ESPE Abstracts (2015) 84 P-3-1065

Glycogen-Storage Disease Type VI in a Girl Presenting with Recurrent Ketotic Hypoglycaemia but No Hepatomegaly

Victoria Price, Mohammed Didi, Andrew Morris & Senthil Senniappan


Alder Hey Children’s Hospital, Liverpool, UK


Background: Glycogen-storage disease type VI (GSD VI) is an autosomal recessive disorder due to deficiency of the liver isoform of phosphorylase resulting in abnormal accumulation of glycogen. Patients typically present in early childhood with growth retardation, hepatomegaly, hypoglycaemia and ketosis. Ketotic hypoglycaemia is a relatively common diagnosis (of exclusion) in children presenting with hypoglycaemia.

Case: A 3-year-old girl presented with an episode of collapse and hypoglycaemia. She had an uneventful past medical history and was born at term to non-consanguineous Caucasian parents. She did not have any intercurrent illness. She had a normal examination with no dysmorphic features or hepatomegaly. The hypoglycaemia screen revealed appropriately suppressed insulin, low c-peptide and elevated free fatty acids and ketones, and normal cortisol suggesting a diagnosis of ‘ketotic hypoglycaemia’. The plasma amino acids, ammonia, lactate, acylcarnitine profile and urine organic acids showed no abnormalities. She was noted to have short stature (height −2.5 SDS) and further endocrine evaluation revealed normal thyroid function, bone profile, prolactin, 46,XX karyotype, and low IGF1. The glucagon stimulation test revealed a suboptimal growth hormone response of 4.7 μg/l; hence she was commenced on GH. She continued to have symptomatic hypoglycaemic episodes and repeated hypoglycaemia screen demonstrated ketosis. In view of the persistent ketotic hypoglycaemic episodes, not necessarily triggered by intercurrent illness, further genetic analysis was undertaken using a targeted sequencing panel. This revealed a heterozygous PYGL mutation (c.1900G>C) suggesting a possible diagnosis of GSD VI.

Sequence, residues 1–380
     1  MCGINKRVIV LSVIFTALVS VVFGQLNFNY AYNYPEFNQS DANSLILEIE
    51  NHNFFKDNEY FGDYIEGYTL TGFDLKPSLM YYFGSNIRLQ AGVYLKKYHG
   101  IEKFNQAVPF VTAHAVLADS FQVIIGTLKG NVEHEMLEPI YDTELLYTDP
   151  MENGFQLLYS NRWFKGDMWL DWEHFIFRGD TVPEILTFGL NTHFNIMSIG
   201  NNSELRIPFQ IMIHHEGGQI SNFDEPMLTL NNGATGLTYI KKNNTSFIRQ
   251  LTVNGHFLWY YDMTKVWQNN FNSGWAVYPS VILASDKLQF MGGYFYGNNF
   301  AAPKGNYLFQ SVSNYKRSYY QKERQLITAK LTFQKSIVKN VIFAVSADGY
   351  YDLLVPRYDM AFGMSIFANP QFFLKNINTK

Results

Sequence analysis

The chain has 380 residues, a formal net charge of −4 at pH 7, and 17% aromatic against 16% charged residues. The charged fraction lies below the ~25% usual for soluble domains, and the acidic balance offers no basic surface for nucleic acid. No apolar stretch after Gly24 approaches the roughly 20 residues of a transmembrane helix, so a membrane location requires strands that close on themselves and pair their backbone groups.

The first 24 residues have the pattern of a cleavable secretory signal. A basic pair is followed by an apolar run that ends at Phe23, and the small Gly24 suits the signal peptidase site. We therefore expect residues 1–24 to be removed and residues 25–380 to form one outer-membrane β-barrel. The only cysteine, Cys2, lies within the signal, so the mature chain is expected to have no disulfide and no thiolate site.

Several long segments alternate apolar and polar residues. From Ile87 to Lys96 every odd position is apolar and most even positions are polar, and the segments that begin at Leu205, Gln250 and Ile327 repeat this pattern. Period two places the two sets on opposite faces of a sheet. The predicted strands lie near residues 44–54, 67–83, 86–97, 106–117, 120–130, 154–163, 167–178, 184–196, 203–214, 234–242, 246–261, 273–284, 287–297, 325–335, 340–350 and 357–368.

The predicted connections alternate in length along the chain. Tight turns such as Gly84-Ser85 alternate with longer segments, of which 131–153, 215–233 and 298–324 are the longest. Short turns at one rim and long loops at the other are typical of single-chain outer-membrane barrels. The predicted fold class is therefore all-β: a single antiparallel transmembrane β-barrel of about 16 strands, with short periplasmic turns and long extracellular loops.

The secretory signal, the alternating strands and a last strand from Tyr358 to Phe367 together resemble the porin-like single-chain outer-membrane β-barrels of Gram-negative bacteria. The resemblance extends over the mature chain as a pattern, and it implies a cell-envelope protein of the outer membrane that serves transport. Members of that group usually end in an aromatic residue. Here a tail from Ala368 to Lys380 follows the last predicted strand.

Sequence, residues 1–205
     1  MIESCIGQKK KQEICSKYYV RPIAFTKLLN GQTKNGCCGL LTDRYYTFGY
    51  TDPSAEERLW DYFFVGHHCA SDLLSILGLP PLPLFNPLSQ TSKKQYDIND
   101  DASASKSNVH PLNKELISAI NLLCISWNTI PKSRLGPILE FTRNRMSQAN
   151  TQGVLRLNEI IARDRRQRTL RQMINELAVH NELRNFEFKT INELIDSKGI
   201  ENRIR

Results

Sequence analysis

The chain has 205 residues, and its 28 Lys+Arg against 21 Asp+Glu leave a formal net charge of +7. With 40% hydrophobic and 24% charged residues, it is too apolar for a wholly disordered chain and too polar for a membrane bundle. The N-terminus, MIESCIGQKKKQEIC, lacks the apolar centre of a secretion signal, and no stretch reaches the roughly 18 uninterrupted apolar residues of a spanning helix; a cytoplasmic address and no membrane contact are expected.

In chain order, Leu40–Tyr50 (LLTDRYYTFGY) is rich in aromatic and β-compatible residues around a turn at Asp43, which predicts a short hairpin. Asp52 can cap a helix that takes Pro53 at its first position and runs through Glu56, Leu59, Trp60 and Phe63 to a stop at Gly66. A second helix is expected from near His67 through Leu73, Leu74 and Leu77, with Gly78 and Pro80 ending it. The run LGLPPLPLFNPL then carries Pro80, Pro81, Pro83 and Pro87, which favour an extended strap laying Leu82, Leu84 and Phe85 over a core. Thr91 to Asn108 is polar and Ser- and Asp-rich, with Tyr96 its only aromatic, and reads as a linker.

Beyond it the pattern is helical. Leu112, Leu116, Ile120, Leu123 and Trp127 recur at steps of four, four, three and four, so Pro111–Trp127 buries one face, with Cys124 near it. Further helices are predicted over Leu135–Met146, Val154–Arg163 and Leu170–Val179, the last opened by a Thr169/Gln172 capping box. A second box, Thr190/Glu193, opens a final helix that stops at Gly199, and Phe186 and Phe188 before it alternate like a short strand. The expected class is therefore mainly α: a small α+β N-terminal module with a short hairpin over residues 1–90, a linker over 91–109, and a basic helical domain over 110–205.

Conclusion: We report a case of GSD VI who presented with recurrent ketotic hypoglycaemia and did not have hepatomegaly on clinical examination. As ketotic hypoglycaemia is a diagnosis of exclusion, it is important to consider alternative diagnoses especially in the presence of recurrent hypoglycaemic episodes and short stature. Genetic evaluation may be warranted in selected cases of ketotic hypoglycaemia.

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